The Panama Canal Locomotives:
The Panama Canal Towing Locomotive
The Panama Canal Towing Locomotive #686 was one of a fleet of 40 built by General Electric in Schenectady, New York in 1914. It's operators referred to it as a "lock mule" or "mule". At one time, more than 100 of these mules operated at Gatun, Pedro Miguel, and Miraflores lock stations.
The 686 was a "Pacific Locks Mule" which operated at the west end of the canal. (Atlantic mules, by comparison, differed slightly in appearance). No. 686 has dual electrical and mechanical controls, permitting operation from either end. It was powered by a three-phase, 220-volt, 25-cycle motor geared to traction equipment. The gearing provided a speed of 5 miles per hour, with a manual gear shift for two miles per hour, for rack and pinion operation while towing ships. A special electrical connection enabled motors to operate at 1 mile per hour when towing larger ships.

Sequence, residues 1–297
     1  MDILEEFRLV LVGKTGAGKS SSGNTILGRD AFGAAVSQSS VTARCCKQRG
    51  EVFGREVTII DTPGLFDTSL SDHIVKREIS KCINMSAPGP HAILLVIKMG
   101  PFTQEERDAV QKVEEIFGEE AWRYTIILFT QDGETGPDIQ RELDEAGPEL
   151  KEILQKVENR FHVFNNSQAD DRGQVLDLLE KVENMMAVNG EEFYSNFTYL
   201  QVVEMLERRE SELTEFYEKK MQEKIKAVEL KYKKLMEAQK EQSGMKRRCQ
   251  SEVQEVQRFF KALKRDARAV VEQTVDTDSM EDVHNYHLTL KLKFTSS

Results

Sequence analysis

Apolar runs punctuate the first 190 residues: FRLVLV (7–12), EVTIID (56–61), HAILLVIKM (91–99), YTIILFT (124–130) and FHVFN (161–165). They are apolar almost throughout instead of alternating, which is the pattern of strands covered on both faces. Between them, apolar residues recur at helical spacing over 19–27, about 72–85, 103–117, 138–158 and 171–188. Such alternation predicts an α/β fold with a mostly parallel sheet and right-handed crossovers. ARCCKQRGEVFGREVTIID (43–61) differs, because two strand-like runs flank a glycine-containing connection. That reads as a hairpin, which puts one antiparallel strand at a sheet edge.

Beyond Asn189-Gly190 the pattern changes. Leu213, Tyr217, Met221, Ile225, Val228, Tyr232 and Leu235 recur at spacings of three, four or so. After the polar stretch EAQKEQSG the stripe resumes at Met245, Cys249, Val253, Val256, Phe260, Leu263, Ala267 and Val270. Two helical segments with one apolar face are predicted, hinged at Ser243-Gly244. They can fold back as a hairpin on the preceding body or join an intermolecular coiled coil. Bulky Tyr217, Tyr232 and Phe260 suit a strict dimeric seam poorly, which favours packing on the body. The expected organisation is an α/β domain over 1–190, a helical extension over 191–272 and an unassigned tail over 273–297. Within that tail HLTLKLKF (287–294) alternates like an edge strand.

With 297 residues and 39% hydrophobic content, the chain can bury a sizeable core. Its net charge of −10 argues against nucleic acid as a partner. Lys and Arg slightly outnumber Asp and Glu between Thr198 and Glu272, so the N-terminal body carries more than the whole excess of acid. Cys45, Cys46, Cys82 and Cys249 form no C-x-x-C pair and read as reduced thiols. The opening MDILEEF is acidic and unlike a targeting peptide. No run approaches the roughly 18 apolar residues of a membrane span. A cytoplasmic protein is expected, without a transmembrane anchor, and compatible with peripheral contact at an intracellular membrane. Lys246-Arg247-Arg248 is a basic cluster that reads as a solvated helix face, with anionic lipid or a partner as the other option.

The towing capacity of the complete unit was 25,000 pounds. Mules were operated on rails parallel to the canal, with one or more on each side to control and center the movement of the ocean-going vessels.
When #686 was retired in 1964, the governor of the Panama Canal donated it to a proposed "American Museum of Electricity" in Schenectady. In 1972, a member of the Roanoke Chapter, NRHS and a former resident of the canal zone discovered the mule. It was brought to the Museum in 1974, where it was restored and painted by Roanoke Chapter NRHS members.
This mule is one of only three known survivors. It is 32' long, 8' wide, and weighs 42 tons. It has a wheelbase of 12 feet and operates on a track gauge of 5 feet.
Old Towing Mule on exhibit at the Miraflores Lock:
Closeup of GE logo on the old mules
The Modern "Mules"